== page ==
Caltrans is reviving its awful, unnecessary and unwanted Richardson Grove project, again

leave it be

It was bound to happen so it is no surprise that once again Caltrans has unleashed its mighty bureaucracy on Richardson Grove State Park with its insistence that Highway 101 be “realigned” to allow Interstate trucks to legally navigate this scenic stretch of the road.  You may have seen the announcement in area newspapers on May 22.  You can find the documents at:

http://dot.ca.gov/dist1/d1projects/richardson_grove/

Since 2007 concerned citizens have battled Caltrans in Court to address deficiencies in the plan and most importantly determine why Caltrans is so insistent on forging ahead with this costly project (projected now to cost as much as $8.5 million.)  Supposedly the rationale is to “improve goods movement” into and out of the County but the documents do not provide any example of how the public would actually benefit from this expenditure of tax dollars at a time when our existing roads need REPAIRS rather than new projects.

How can this expenditure be justified in light of the fact that the State Legislature has voted to INCREASE OUR STATE GAS-TAX BY 12 CENTS PER GALLON because of the need for road repair and maintenance? With the potential failure of Highway 101 at Last Chance Grade estimated as costing as much as $1 billion dollars where is the economic justification for the Richardson Grove project?  You won’t find such an analysis in the newly released documents.  Perhaps our Caltrans bureaucrats need to take a course in cost-benefit analysis. We tax-payers deserve some answers on Caltrans spending.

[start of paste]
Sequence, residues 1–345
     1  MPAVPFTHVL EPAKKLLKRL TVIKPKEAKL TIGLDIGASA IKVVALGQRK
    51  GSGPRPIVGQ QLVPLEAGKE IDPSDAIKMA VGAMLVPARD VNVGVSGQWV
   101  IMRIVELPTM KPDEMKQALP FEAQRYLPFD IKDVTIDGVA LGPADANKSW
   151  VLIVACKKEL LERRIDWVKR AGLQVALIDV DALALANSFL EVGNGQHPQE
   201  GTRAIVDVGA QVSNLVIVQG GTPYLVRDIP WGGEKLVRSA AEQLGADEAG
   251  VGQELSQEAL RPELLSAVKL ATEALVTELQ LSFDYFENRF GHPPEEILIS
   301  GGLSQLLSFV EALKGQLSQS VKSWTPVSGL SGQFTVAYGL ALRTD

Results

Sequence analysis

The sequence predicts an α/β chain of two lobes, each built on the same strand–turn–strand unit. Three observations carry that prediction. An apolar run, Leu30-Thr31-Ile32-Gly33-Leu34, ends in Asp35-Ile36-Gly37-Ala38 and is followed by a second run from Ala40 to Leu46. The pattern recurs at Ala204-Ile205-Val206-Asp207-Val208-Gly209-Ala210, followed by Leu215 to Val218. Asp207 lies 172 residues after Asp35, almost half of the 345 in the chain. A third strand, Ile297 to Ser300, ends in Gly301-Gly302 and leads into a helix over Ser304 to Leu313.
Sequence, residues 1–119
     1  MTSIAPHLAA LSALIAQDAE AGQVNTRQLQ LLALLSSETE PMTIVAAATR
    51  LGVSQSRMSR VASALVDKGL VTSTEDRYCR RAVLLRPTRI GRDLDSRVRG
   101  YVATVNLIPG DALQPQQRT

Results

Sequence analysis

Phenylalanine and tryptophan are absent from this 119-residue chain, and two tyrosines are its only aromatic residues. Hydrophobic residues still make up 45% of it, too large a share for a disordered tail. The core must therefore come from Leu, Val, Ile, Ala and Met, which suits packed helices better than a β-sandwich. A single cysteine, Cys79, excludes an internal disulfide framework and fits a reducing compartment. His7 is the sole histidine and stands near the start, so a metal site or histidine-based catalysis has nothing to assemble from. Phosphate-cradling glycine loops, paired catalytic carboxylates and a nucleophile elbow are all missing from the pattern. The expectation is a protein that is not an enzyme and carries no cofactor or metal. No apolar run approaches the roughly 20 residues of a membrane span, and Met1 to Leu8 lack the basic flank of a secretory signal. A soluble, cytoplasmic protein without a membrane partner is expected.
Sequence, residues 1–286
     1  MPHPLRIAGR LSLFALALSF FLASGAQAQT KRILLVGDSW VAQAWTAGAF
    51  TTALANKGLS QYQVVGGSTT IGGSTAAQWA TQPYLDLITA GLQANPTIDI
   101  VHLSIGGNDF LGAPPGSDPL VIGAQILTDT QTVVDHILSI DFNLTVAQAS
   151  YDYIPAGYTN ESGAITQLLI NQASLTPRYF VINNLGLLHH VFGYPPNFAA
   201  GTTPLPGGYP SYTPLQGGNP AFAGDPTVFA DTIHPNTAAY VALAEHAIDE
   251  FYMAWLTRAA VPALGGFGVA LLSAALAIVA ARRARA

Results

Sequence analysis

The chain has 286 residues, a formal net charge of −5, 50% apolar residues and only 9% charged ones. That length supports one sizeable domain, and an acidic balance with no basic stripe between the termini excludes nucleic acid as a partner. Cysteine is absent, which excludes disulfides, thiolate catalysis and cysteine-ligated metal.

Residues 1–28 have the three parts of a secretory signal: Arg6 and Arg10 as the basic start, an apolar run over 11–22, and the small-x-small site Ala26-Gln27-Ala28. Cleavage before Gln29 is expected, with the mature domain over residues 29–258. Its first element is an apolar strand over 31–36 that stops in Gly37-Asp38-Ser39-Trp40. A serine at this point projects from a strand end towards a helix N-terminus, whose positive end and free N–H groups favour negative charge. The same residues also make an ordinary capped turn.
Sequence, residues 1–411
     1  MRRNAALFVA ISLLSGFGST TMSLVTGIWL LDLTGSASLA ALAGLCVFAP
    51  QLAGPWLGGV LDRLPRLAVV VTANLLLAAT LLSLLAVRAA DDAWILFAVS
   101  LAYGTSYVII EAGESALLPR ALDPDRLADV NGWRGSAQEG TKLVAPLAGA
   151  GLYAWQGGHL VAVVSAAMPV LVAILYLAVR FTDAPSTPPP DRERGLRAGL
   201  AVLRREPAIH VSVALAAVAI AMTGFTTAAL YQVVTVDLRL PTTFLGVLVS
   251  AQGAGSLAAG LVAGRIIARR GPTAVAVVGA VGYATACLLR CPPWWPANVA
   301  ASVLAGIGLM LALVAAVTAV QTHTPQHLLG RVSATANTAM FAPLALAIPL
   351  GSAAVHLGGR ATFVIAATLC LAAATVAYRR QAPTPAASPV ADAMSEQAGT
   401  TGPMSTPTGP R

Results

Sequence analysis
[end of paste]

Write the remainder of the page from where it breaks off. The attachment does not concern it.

The new documents are entitled an “Addendum to the Final Environmental Impact Report.”  This means that Caltrans gets away with not having to issue a new EIR/EIS and therefore there is no public comment period.  However, this does not prevent citizens from voicing their discontent via letters to the editor and via social media.

More substantive comments as soon as the documents are analyze, so stay tuned!

(thanks to  Barbara Kennedy)

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8 thoughts on “Caltrans is reviving its awful, unnecessary and unwanted Richardson Grove project, again

  1. Caltrans reminds me of the plant in The Little Shop of Horrors…growing and demanding more, more, more while hiding the fact it has outgrown its original function.
    Here is the LA area Caltrans announced a plan to build a tunnel to link the 710 freeway (from the harbor and all the import cargo that originates there) with the 210/134 freeways so trucks don’t drive city streets and so they can avoid further clogging the I-5 & I-101 through downtown.
    The original plan was to put a freeway through a beautiful residential community (South Pasadena)….and at the time, it would have been another large, ugly cement band that would still have dumped traffic onto city streets and added greatly to the air pollution in the San Gabriel Valley.
    Local groups joined together and managed to stop it.
    So Caltrans came back with other options, mainly a tunnel. Funding was approved, seismic testing started and Caltrans started offering public
    meetings.
    The fight was on. The funding from government sources would not be enough so they planned on a public-private funding where the tunnel would have tolls.